7202 Song of Norway O LF

Probe was a label of ABC/Dunhill in the United States, releases from whom would have formerly been issued by EMI in the UK under licence on their Stateside label.

However, record companies had started to become more brand-aware in the 70s, seeking to establish common visual identities worldwide as much as possible.

7202 Song of Norway O LR

Although this Song of Norway example carries an earlier date code than My Boy (7202), it was printed and duplicated later, the indication of which is the enlarged word 'STEREO' that appears in white on the top label branding. To begin with (as can be seen on the Richard Harris cart) the STEREO was printed at the same size as the words '8 TRACK' and 'CARTRIDGE', but after a short while it was enlarged to fill out more of the space.

It is most probable that both of these titles had been available with the 'tombstone' labels when first issued in February/March 1972, and that the pressings shown here date from a few months later, most likely May/June '72.

Incidentally, HMV Classical titles used a slightly different layout, which can be seen here.

 Quadraphonic Cartridges

The 8-track cartridge lent itself well to the cause of four-channel sound (Quadraphonic). This provided two stereo fields per programme, one to the front and one to the rear - the first truly marketable 'surround sound' format. EMI released a small number of Quad (for short) cartridges from its major artists, and they had a silver label instead of gold.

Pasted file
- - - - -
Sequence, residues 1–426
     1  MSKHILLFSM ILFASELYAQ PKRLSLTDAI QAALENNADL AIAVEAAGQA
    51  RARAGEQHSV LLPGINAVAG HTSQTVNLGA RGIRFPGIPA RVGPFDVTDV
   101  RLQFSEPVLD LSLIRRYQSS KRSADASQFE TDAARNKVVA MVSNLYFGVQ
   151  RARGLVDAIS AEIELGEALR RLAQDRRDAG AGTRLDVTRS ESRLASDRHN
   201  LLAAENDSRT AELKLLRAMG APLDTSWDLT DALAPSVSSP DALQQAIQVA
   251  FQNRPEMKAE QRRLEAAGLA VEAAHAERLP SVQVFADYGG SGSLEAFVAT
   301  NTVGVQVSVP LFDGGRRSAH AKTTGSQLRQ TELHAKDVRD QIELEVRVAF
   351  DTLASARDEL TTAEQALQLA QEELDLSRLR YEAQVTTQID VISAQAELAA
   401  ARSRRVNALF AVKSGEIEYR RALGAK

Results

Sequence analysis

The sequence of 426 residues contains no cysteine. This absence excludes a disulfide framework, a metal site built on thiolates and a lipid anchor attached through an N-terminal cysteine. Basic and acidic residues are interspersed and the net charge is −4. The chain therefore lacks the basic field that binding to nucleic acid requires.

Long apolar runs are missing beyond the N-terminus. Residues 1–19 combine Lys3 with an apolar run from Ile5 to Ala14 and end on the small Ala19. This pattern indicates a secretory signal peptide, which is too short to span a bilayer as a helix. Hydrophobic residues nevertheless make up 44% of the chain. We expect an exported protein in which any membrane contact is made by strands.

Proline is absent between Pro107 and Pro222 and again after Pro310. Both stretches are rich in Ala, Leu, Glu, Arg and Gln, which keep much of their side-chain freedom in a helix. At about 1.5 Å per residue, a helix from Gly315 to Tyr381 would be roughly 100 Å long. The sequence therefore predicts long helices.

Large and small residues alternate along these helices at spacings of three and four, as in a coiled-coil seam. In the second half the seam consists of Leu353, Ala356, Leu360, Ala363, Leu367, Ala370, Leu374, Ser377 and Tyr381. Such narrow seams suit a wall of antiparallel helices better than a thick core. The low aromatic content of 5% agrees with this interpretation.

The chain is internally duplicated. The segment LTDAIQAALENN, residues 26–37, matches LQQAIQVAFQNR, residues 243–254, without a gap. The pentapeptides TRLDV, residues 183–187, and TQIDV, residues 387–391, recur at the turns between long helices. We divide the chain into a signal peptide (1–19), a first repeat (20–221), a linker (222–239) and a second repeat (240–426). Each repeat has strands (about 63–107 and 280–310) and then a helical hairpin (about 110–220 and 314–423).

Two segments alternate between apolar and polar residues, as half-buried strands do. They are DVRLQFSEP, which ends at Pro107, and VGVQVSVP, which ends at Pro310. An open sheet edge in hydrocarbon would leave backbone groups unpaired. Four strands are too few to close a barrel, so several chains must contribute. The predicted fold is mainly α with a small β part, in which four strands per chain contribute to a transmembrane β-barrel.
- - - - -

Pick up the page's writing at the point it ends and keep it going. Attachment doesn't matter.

6720 TWO339-Q8 L F - Top Label

These cartridges were of a different construction to the standard 8-Track Stereo ones. For a start, the cartridge shell was 'boxier' - the edges being straight rather than having the sleek curves of the usual stereos. Also, they were much heavier - both in terms of the shell and the spool inside. Also note the rivet visible on the reverse just behind where the pressure pads would be. For Quad carts, strong spring-mounted felt pads were used instead of the cheaper, and less durable, foam strips.

6720 TWO339-Q8 L R - Reverse Label

Later in 1972 EMI introduced hard cases and full-wrap inlays in the 'all gold' style for cartridges, as can be seen on the next page:

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